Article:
Newer treatments for prostate cancer may raise depression risk

Credit: CC0 Public Domain.

In a new study from the University of Texas, researchers found advanced forms of hormone therapy are very effective at keeping prostate cancer in check, but they also can double a man’s risk of falling into depression, researchers have found.

Prostate cancer patients treated with the latest forms of hormone blockers were twice as likely to develop depression compared with men treated with older forms of hormone therapy or those who received no such medication at all.

It’s a risk that cancer doctors will need to keep in mind when prescribing these drugs to patients.

Prostate cancer feeds on male hormones like testosterone, which are also known as androgens. Doctors have long treated prostate cancer in part by blocking androgen, depriving cancer cells of their fuel.

They now have second-generation anti-androgen drugs like abiraterone and apalutamide that are even better at blocking testosterone than earlier medications.

But a lack of testosterone increases a man’s overall risk of depression, whether or not he has prostate cancer.

Cancer patients are at increased risk of depression anyway, given their battle with a deadly disease. Worse, depression tends to profoundly impact the outlook for cancer patients.

To see how much additional risk of depression comes with the newer androgen blockers, the team analyzed data from nearly 30,100 prostate cancer patients.

They broke the men into three groups⁠—those who received no hormone therapy, those who got the more established medications, and those treated with second-generation anti-androgen drugs.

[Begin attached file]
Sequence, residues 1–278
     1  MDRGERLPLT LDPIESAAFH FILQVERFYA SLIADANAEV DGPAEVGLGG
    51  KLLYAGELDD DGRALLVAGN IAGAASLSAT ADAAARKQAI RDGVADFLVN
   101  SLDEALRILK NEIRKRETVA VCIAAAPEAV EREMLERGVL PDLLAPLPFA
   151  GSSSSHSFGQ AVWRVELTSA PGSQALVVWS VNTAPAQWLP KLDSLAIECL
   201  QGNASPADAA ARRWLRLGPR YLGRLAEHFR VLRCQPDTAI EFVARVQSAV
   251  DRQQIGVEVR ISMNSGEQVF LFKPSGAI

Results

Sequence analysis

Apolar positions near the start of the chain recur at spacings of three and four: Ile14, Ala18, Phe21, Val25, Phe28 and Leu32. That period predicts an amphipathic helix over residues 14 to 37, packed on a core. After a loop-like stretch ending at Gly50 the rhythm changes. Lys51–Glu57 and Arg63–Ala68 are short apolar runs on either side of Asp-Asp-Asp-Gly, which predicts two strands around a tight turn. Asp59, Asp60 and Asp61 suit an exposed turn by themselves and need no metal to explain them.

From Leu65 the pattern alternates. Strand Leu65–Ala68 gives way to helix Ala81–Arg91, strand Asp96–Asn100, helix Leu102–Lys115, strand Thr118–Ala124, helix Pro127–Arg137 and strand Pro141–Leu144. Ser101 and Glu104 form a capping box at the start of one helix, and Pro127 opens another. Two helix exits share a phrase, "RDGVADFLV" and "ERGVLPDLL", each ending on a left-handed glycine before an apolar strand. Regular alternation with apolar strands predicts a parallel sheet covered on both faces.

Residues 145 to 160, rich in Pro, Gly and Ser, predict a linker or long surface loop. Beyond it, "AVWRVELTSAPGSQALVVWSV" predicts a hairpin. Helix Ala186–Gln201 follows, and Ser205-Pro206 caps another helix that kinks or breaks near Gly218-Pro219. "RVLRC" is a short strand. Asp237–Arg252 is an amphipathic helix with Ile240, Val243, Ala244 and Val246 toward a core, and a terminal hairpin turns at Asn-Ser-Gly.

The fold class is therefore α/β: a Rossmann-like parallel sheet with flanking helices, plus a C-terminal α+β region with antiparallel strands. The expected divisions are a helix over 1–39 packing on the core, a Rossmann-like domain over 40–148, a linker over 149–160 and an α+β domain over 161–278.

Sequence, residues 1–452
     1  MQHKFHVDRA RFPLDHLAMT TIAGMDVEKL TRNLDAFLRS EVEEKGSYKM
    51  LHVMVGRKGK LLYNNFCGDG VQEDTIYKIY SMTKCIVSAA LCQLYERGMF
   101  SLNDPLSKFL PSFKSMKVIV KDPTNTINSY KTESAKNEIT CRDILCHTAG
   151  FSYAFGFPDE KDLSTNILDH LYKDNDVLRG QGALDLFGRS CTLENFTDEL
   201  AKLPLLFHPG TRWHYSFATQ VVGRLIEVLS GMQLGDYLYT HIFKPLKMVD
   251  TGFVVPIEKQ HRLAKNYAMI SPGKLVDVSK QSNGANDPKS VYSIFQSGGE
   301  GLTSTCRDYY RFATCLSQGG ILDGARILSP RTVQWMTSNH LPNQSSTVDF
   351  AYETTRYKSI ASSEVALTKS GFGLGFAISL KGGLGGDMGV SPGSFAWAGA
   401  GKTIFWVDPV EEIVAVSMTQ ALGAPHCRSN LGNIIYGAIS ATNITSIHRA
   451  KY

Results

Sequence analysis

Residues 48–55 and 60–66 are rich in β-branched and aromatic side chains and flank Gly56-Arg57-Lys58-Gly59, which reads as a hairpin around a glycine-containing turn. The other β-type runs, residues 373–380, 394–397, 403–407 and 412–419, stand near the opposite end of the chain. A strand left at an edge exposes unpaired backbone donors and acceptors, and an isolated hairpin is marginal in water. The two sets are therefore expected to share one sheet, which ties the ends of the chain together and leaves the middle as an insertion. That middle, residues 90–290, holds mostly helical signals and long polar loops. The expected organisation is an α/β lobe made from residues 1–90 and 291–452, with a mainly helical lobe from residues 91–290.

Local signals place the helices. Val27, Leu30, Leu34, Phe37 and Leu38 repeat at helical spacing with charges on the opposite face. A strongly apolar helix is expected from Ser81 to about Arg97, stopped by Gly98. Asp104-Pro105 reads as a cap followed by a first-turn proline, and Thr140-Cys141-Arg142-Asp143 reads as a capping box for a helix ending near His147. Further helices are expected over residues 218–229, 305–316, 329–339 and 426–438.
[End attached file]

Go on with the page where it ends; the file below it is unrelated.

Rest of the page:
They found the risk likely increases so dramatically because the second-generation drugs are so much better at their job.

The older drugs do very well in bringing the testosterone levels down, but they only stop testosterone production at the main factory of testosterone, which is the testes.

It will further deprive cells already kind of starved for testosterone of even more of it. That is why it could worsen moods and depression.

The team felt that the depression risk from the newer drugs outweighs their benefits for prostate cancer patients, however.

They say doctors need to be much more cognizant of these long-term side effects. They need to be more prepared to catch early signs of depression.

Family members and friends of prostate cancer patients can help by watching their loved ones as they undergo hormone therapy for signs of depression.

If you care about prostate cancer risk, please read studies that enlarged prostate may actually lower a man’s odds for cancer, and ‘gut bugs’ that could drive prostate cancer growth.

For more information about depression risk, please see recent studies about nutrient supplement that could help lower depression, and results showing that PTSD, anxiety, and depression may not be mental diseases.

The study is published in JAMA Network Open. One author of the study is Dr. Kevin Nead.

Copyright © 2022 Knowridge Science Report. All rights reserved.